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Posted by Eva Owens

Caring for a client can mean juggling lots of information in your head at the same time:

  • What time is the next appointment?
  • Did we take medications already?
  • What meal prep needs to happen before dinner?

Having a good system to keep yourself organized is an important step to providing high quality care for your client. Over the past month, we’ve scoured the web to look at every do-it-yourself note-taking system out there, collecting the best parts of each to come up with a system that can serve you well.

For the cost of a notebook and a pen, here’s a breakdown of one idea to stay organized.

Modified ‘Bullet Journal’

The Bullet Journal system has been popular for a number of years. It’s a “customizable and forgiving” organization system integrates a calendar, a to-do list, and an easy-to-use notes section. Bullet journals can also be so in depth that you can burn out before you even get started. So we’re boiling the parts down to the barest essentials.

This system is robust but simple. Also, if you are one of multiple caregivers, this system can dramatically decrease confusion. If you leave the notebook at your client’s home, the next person can pick it up, review notes from your day, scan the notes in the back for important information, and more.

Page 1-2: This month

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When you open your notebook, you’ll utilize the first spread of pages as one month. The second spread will be the next month, and continue like that until you’ve reached the end of the year.

On the first page, you’ll write the name of the month. Then, create a column and list each date, from the first day of the month till the last. Make another column and write a one-letter abbreviation for each day. This is going to become an appointment calendar. At one glance, you’ll be able to remember any event that you have to plan your day around. As events come up, write them down in the third column.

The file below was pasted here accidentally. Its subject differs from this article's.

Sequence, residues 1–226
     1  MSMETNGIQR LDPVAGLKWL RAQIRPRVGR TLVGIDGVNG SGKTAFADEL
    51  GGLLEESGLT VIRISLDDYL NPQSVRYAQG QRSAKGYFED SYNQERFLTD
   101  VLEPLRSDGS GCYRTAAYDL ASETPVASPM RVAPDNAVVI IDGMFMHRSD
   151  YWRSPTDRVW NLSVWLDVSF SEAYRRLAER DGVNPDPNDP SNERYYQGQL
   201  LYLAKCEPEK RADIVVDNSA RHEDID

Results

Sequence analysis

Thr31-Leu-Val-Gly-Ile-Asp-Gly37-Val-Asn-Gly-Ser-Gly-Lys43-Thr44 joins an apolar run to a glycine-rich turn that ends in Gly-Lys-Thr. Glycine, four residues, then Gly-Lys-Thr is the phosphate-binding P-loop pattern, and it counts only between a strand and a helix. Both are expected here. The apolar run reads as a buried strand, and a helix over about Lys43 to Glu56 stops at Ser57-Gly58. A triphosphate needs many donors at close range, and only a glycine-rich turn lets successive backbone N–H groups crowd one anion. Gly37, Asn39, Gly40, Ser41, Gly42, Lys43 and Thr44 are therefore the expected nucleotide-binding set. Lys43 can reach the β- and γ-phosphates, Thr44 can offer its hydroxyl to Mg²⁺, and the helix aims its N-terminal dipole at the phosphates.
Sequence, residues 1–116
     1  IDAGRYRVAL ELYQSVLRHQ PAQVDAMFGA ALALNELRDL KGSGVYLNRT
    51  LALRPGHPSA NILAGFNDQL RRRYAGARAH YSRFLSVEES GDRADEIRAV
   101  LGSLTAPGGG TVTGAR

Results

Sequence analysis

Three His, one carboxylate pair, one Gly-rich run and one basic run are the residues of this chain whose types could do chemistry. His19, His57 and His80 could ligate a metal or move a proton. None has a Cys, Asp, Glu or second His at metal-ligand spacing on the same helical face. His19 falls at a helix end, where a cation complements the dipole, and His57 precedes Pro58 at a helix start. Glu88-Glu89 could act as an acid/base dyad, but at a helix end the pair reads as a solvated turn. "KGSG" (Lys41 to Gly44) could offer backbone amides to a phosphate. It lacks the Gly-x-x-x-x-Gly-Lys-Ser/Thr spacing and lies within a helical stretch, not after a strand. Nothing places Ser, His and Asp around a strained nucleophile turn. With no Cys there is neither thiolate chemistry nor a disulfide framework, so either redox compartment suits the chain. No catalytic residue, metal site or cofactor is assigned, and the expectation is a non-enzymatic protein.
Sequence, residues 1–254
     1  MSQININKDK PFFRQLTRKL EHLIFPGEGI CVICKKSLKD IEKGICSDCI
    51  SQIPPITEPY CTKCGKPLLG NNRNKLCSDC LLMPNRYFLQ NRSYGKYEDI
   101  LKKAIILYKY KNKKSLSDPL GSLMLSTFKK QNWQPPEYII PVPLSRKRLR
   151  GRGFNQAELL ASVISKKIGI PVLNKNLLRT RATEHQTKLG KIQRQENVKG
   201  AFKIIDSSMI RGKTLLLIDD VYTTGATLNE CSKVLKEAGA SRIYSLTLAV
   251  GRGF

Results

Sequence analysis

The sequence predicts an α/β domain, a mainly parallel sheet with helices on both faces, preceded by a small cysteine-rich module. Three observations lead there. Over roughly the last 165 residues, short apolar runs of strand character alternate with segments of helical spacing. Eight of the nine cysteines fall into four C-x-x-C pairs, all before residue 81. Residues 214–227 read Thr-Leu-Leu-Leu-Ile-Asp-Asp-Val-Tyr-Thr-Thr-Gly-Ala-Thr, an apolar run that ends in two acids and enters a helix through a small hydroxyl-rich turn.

On the next page, once again write the name of the month. This page is devoted to a bulleted list of to-do’s. Every time something comes up that you need to remember to get done, write it here. You can do it in one column or two, depending on your preference. As you complete the to-do, cross it off.

Next: The daily log

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After you’ve completed a spread for each month left in the year, you can begin your first daily log. Let’s say you’re beginning on May 1. Write 05/01 and then any notes that come up through the day can be recorded here. This could be a grocery list, a list of menu items for meals that day, reminders about medications, or anything else.

This is also a great way to remember important information you’ll want to share with the client’s loved ones.

From one month to the next

At the end of one month and the beginning of the next, look over your task list and move anything that is still relevant to the next month’s task list. If something has become irrelevant, you can simply cross out that task.

Here, we should note that a bonafide Bullet Journal method includes all sorts of symbols next to tasks to make it easy to understand their purpose and state of being complete. If that sounds appealing to you, you can read more here. If not, it works great with the simpler methods featured here.

Starting from the back: Notes

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The very last page of your journal is about to become a sort of reverse-index. First, after looking to see how many pages are in your journal, take a few minutes to number the bottom corner of as many as possible. So if your notebook is 100 pages, the last page will be page #100.

Now, any time you have notes you’ll need to refer to at a future point, you can record them here.

Some ideas for lists you may need to make:

  • List of medications, dosage, frequency and prescription numbers
  • List of allergies or health concerns of your client
  • List of emergency contacts

Once you’ve established the topic and made your list, flip back to the index page, and write the topic down, as well as the page number it occupies. Then, if you’re talking to a doctor or if you need to reference a note, you can quickly find it in your notebook. You can also list the page numbers where each month’s daily log begins, if you’d like.

From one year to the next

After you’ve completed a notebook, it’ll be time to create your new one. Transferring over notes from the back of your journal might sound tedious, but having them all in one spot is valuable. Plus, with some extra time, you can determine whether you really need that information at your fingertips.

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